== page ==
To help interpret differences in results, an additional effect size measure has been included in the 2016 comparison calculations. Where comparisons of results are shown, a representation of the effect size and statistical significance of the comparison is also provided. This representation is referred to as the ‘nature of the difference’ and it combines the outcomes of statistical significance tests with an effect size measure of the difference.
Comparisons are made for results within jurisdictions, between the current and previous years, and between the current and base years. For reading, spelling, grammar and punctuation, and numeracy, the base year is 2008. For writing, the base year is 2011.
The writing prompt of NAPLAN can be either persuasive or narrative. From 2008 to 2010 the prompt was narrative; from 2011 to 2015 a persuasive prompt was used. NAPLAN 2016 employed a narrative test. In order to make comparisons year-on-year and observe trends in data, new analytical methods were used this year to put the results of this year’s narrative test onto the existing persuasive writing scale, creating a NAPLAN writing scale comparable for both genres. This means that for 2016 the results can be compared and trends analysed in NAPLAN writing data from 2011 onwards (but not for results before then).
In addition, the Education Council approved the use of the ABS Australian Statistical Geography Standard (ASGS) Remoteness Structure for all national reporting from 2016 enabling comparison of schools from other educational sectors and other policy and program themes. As a result, the geolocation results obtained from the 2016 NAPLAN are not directly comparable to those of previous cycles.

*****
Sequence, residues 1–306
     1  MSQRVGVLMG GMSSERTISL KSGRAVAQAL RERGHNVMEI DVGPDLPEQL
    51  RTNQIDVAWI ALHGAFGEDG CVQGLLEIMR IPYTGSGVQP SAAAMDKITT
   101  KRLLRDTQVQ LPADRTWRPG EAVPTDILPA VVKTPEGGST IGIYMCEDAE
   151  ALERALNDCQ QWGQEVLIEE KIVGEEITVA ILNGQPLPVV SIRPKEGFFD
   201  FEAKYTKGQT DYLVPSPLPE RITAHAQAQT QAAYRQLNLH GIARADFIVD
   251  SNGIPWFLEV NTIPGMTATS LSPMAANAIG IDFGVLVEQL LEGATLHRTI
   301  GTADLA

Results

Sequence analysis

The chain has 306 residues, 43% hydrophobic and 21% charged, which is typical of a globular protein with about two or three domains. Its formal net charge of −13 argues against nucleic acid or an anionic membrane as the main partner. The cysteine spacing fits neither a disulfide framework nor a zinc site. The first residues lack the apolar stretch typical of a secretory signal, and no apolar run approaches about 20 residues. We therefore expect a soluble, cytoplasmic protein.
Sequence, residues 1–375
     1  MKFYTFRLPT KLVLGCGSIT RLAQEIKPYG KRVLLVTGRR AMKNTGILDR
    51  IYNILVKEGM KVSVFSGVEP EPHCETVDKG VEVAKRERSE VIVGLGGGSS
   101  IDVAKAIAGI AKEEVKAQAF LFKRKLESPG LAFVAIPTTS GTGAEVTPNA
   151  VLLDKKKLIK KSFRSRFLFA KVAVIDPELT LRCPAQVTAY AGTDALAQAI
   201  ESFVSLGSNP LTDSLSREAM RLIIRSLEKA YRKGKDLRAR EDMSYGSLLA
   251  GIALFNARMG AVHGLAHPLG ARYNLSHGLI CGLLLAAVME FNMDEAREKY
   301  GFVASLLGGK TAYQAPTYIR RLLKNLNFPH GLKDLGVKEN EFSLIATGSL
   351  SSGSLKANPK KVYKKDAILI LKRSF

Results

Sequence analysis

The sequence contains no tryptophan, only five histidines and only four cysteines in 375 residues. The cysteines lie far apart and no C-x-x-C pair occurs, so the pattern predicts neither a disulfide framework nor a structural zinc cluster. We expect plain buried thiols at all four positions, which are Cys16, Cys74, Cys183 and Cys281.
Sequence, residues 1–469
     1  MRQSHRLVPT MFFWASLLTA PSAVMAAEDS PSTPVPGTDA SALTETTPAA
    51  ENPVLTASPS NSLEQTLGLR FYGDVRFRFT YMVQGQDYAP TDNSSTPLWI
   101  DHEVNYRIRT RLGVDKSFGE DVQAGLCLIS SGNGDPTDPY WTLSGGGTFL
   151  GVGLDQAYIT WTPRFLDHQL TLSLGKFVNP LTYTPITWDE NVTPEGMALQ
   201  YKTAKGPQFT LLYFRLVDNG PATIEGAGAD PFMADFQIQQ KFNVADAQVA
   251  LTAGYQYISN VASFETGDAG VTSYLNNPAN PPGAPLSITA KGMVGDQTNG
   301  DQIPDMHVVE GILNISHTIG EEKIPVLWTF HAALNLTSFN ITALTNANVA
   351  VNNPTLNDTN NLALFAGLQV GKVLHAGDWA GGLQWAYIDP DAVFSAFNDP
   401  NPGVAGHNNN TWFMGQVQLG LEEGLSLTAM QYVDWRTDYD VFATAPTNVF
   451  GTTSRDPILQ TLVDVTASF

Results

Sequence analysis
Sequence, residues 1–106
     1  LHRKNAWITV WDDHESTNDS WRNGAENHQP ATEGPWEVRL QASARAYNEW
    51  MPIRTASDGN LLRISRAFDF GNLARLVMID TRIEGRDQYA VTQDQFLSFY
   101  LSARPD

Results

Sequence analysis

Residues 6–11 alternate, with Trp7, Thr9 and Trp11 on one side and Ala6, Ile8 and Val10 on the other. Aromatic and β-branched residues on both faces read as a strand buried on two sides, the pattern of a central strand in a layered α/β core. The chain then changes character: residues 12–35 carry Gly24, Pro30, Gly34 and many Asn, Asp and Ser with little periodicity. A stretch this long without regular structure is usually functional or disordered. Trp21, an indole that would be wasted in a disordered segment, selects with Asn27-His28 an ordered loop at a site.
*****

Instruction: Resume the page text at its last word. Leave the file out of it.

In order to maintain the design of tables and graphs the NAPLAN 2009 and 2010 results were removed from the PDF version of the national report. They are still available in the online version of the national report.
NAPLAN results are publicly reported through the NAPLAN summary information and NAPLAN national reports. Results are also available for use by jurisdictions, non-government school sectors and schools.
Individual student reports, provided to parents/carers, show student results against the national average and the middle 60 per cent of students nationally. These reports contain a description of what was assessed in each of the tests and provide information about the knowledge and skills the student demonstrated in the tests.
NAPLAN results are reported using five national achievement scales, one for each of the NAPLAN assessment domains of reading, writing, spelling, grammar and punctuation, and numeracy. Each scale consists of ten bands, which represent the increasing complexity of the knowledge and skills assessed by NAPLAN from Years 3 to 9. Six of these bands are used for reporting student performance in each year level. Student raw scores on tests are converted to a NAPLAN ‘scale score’ so that those scores can be located on the national scale for each domain.
The NAPLAN reporting scales are constructed so that any given scale score represents the same level of achievement over time within a domain. For example, a score of 700 in reading in one year represents the same level of reading achievement in other testing years.